Health Care Agencies
The health care agencies are a great source of information and can really help you streamline the Israeli bureaucracy. They generally don’t take money from you for their services, since they get money from the government if your parent qualifies for Bituach Leumi assistance.
The benefits of using an agency are manifold: They often will fill out forms for Bituach Leumi (and other bureaucratic forms) with you, and generally will process the forms for you as well. This is a huge relief, and tremendous time-saver (plus they come to your home to do it as well!)
In order to get a foreign worker, you need to go through the accredited health care agencies. But they are helpful before that stage as well. You may qualify for Bituach Leumi for several hours of assistance (through Chok Siyud, the Nursing Care Law), and the agencies will get you helpers for those hours, who will assist your parent with showering, walking, light housekeeping, shopping, and general entertaining. See the article Hiring a Foreign Care Worker for more information and listing of agencies.
• The large agency in Jerusalem is Goldman (Tel: 02-625-1141), and many people in the Anglo community use them.
• We used Natan – (Tel: 02-500-3841).
Foreign workers hop from one agency to another, after they have been in the country and have concluded work with their first employer. If you have found a foreign worker on your own, you don’t have to pay the finder’s fee to the agency. Even if the worker you want to hire is connected to a different agency, they can then get “reregistered” with your agency. This doesn’t cost you anything.
If you hire a foreign worker, and for some reason he/she doesn’t work out, you can hire another one legally. But after the second one, it becomes problematic. So be careful who you hire the first time, because your options are limited.
Be aware: when your foreign worker has a day off, or is sick and unable to work, legally you can’t “fill in” with another foreign worker. According to the law, the person who works with your parent as a “fill-in” has to have Israeli citizenship.
• Salary is between 1,200 – 1,500 NIS per week.
• Pocket money: Legally, you have to give them NIS 100 per week (this sum may have increased since this manual was written).
• Health insurance – you have to provide this; your health care agency will recommend places.
• Bituach Leumi – you have to provide this.
Get references from the worker’s past employers! Find out what they were like; how well they got along with the elderly; if they watched lots of TV; how prompt they were about getting back in time after their day off; if the foreign worker got sick a lot.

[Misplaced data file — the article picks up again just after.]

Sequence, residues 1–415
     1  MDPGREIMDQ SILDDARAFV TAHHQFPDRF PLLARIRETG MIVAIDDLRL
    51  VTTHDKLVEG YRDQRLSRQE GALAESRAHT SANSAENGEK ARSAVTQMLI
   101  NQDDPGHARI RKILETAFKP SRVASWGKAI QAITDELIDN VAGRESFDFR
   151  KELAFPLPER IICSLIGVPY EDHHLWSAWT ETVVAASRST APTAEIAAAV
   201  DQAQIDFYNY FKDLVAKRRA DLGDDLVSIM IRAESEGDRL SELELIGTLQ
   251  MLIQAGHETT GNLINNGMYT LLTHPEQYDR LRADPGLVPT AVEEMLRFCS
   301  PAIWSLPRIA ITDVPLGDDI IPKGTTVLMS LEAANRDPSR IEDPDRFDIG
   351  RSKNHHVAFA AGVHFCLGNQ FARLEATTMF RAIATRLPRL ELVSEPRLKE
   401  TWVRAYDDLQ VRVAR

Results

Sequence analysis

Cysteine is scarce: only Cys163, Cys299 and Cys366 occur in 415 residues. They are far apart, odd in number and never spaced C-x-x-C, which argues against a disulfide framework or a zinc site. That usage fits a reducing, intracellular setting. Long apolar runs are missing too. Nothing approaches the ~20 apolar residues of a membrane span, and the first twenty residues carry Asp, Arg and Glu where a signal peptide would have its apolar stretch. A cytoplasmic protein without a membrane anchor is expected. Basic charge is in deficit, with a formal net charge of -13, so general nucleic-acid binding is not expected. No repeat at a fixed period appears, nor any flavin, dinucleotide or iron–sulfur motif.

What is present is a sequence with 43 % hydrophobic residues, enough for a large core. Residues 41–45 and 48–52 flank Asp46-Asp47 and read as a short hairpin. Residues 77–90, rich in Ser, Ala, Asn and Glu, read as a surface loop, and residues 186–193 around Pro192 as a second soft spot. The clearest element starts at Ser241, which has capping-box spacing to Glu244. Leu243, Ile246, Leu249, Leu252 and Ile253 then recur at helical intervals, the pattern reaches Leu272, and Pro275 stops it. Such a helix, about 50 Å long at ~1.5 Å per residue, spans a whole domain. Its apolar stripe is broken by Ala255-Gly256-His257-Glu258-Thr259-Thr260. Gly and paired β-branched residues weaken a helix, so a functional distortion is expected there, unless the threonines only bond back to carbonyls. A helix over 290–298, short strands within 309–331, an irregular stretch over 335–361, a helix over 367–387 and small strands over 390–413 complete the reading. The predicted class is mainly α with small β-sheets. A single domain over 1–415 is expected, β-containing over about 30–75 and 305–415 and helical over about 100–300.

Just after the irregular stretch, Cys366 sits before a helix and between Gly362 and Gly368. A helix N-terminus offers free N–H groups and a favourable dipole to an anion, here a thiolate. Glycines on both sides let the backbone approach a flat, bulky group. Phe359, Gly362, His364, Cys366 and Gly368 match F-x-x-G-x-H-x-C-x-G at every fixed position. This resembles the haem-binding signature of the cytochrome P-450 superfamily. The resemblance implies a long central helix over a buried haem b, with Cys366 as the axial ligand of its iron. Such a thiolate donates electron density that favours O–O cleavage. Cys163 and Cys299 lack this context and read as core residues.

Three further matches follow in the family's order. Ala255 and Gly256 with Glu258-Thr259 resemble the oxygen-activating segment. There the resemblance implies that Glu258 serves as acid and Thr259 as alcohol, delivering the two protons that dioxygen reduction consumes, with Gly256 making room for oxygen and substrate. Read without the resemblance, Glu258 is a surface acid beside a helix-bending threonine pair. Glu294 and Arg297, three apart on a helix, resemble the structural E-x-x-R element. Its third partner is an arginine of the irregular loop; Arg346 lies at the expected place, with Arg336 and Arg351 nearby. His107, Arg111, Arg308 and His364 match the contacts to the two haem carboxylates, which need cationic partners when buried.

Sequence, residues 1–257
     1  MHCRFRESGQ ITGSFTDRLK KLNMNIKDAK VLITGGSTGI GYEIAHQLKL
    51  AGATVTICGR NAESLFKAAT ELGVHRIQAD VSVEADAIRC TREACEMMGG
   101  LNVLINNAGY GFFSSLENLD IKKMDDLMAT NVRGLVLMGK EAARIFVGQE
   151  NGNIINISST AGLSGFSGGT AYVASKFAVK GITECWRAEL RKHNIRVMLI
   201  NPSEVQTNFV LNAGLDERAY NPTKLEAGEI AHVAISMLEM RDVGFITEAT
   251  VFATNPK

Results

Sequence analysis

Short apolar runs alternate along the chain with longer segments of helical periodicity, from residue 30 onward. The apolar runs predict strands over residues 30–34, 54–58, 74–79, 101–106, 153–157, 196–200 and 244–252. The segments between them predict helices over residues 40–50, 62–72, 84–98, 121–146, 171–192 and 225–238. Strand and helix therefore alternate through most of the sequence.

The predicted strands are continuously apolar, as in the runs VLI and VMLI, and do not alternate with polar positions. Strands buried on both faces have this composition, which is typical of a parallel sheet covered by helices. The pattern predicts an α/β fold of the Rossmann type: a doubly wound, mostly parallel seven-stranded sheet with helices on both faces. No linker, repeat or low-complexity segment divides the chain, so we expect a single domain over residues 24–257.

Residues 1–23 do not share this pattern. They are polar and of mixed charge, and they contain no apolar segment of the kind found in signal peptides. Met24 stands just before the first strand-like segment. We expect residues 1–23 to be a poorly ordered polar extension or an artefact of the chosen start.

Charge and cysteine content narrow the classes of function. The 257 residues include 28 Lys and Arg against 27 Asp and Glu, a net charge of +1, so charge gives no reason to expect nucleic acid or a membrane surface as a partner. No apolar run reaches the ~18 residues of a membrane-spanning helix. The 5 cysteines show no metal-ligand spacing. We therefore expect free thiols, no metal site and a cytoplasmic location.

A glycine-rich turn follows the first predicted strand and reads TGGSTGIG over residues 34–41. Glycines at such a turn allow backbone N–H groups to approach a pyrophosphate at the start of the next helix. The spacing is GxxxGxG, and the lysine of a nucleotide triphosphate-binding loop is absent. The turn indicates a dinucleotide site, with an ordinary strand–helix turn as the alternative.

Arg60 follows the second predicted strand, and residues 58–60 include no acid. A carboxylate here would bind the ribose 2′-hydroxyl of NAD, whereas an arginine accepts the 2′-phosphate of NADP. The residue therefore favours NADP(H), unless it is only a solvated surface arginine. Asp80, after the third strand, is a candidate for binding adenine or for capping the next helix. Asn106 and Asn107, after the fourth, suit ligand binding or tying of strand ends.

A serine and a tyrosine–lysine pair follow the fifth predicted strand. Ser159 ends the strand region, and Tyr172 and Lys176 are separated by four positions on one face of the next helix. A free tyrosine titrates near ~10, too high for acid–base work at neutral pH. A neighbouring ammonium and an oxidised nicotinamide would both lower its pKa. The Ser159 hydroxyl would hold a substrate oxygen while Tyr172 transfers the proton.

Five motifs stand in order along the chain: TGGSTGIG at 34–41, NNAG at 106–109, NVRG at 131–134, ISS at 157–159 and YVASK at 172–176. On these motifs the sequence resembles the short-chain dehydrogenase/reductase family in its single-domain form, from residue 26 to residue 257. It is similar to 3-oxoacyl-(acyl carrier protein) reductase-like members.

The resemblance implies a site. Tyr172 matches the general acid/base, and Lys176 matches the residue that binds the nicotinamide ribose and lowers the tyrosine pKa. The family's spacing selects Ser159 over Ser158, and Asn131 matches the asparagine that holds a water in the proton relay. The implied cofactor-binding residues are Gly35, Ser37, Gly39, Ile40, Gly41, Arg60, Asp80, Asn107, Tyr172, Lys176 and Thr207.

When interviewing a foreign worker:
Try to get a feeling of the level of their English. (The agencies will often say that the foreign worker they recommend has “excellent” English, but keep in mind that they have a vested interest in placing their person, and the foreign worker’s English may be far below standard.) This is important not only because they need to communicate with your parent, and you, easily. But it is also necessary if they need to call an ambulance/doctor if you are not available. In the event of a medical emergency, communicating properly in English could save your parent’s life!
Questions to ask during the interview with the foreign worker:
Find out where they worked previously; why they left; how long they worked there; when they came to Israel; which agency they are currently connected with. Clarify which days they want off. Check if they smoke. See if they can meet the physical needs of your parent (especially lifting) as well as emotional needs (will they become a friend and companion to your parent? Are they friendly as well as polite and helpful?)
Talk to several candidates. You’ll see that there is a wide range of personalities and capabilities. Make sure you feel comfortable with the foreign worker before you introduce them to your parent, since meeting a new caretaker can be very unsettling to the elderly (and often they put up resistance to having someone — besides you! – live with/take care of them).
Where to find foreign workers:
Although your agency will recommend foreign workers to you, you don’t have to hire the people they send you. Recommendations are the best way to find a suitable foreign worker, so network with people you know who have foreign workers for their parents.